When arranging insurance, you may have noticed that the different insurance providers have ‘ratings’. These ratings are in place to provide brokers like us, and our insurance clients, greater knowledge of the standard, performance and competency of an insurance provider so that a more informed decision can be made when it comes to making a selection. In this post we will be exploring insurance ratings in detail, explaining how the ratings work, why they are so important and the risks of using a poorly rated or unrated insurer.
How do insurance ratings work?
Insurer ratings are based on financial or credit ratings. These are independent evaluations of the ability of the insurer to meet their financial commitments, in particular, their ability to pay out on claims.
Financial strength ratings in the insurance sector are provided by credit rating organisations, the most respected of which include Standard & Poor’s (S&P), Moody’s, Fitch and AM Best. Each has its own ratings system which we will now take a look at in more detail.
Standard & Poor’s
Founded in 1860, Standard & Poor’s is a leading index provider and data source of independent credit ratings.
S&P’s ratings range from AAA to D, with AAA being the highest possible rating. An AAA rating demonstrates that the insurer is able to maintain credible financial performance, and has the ability to repay all debts. A rating of D would indicate that an insurer is in default on its financial commitments.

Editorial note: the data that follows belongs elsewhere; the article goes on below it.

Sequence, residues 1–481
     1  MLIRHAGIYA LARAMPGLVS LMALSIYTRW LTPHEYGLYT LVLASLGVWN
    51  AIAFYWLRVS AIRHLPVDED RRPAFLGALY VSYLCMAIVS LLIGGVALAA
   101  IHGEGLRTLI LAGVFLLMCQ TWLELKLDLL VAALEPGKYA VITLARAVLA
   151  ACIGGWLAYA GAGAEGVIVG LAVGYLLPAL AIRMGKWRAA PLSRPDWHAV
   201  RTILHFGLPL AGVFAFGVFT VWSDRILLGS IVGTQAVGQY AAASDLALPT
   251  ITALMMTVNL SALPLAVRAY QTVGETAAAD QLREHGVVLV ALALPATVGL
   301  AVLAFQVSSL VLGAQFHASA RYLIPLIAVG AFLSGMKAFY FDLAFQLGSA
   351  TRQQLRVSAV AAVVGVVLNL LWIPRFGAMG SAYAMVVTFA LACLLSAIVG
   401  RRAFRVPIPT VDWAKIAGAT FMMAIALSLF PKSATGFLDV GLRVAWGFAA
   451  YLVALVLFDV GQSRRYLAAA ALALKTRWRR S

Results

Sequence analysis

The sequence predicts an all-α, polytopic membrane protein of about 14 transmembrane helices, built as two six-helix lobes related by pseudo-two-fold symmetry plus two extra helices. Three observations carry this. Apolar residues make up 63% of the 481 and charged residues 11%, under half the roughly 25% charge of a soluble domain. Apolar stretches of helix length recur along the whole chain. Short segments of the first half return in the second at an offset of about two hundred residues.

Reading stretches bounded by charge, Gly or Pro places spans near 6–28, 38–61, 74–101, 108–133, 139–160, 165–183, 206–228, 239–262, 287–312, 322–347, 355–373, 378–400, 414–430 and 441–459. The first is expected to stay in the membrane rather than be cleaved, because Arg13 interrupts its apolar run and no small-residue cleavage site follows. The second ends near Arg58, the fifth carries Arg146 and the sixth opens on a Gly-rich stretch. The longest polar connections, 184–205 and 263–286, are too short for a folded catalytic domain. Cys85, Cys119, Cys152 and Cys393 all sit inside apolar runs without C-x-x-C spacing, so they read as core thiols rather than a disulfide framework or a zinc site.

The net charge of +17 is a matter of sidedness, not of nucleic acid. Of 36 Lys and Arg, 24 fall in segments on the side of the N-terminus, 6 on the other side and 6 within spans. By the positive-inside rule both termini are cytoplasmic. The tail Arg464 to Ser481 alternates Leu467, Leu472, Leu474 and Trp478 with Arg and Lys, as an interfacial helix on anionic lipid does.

AAA – Extremely strong
AA – Very strong
A – Strong
BBB – Adequate
BB – Less vulnerable
B – More vulnerable
CCC – Currently vulnerable
C, CC – Highly vulnerable
D – In default
Moody’s Investors Service
Moody’s Investors Service is an American credit rating agency providing international financial research on bonds issued by commercial and government entities.
Moody’s ratings range from Aaa to C, with Aaa demonstrating a low credit risk, and C showing that the insurer is in default with little prospect of recovery.
Aaa, Aa, A – Low credit risk
Baa – Moderate credit risk
Ba – Substantial credit risk
B – High credit risk
Caa – Very high credit risk
Ca – In or near default
C – In default, little prospect of recovery
Fitch Ratings Inc.
Fitch Ratings Inc. is an American credit rating agency relied upon by investors seeking reassurance as to which investments will not default.
Fitch ratings run from AAA which indicates the highest credit quality, through to D which shows an insurer is in default.
AAA – Highest credit quality (exceptionally strong)
AA – Very high credit quality (very strong)
A – High credit quality (strong)
BBB – Good credit quality (adequate)
BB – Speculative (vulnerable to default risk)
B – Highly speculative (default risk is present)
CCC – Substantial credit risk (default is a real possibility)
CC – Very high levels of credit risk (default appears probable)
C – Near default
RD – Restricted default
D – Default
AM Best is the only global credit rating agency with a unique focus on the insurance industry. The company’s credit ratings are a recognised indicator of the financial strength and creditworthiness of insurance providers.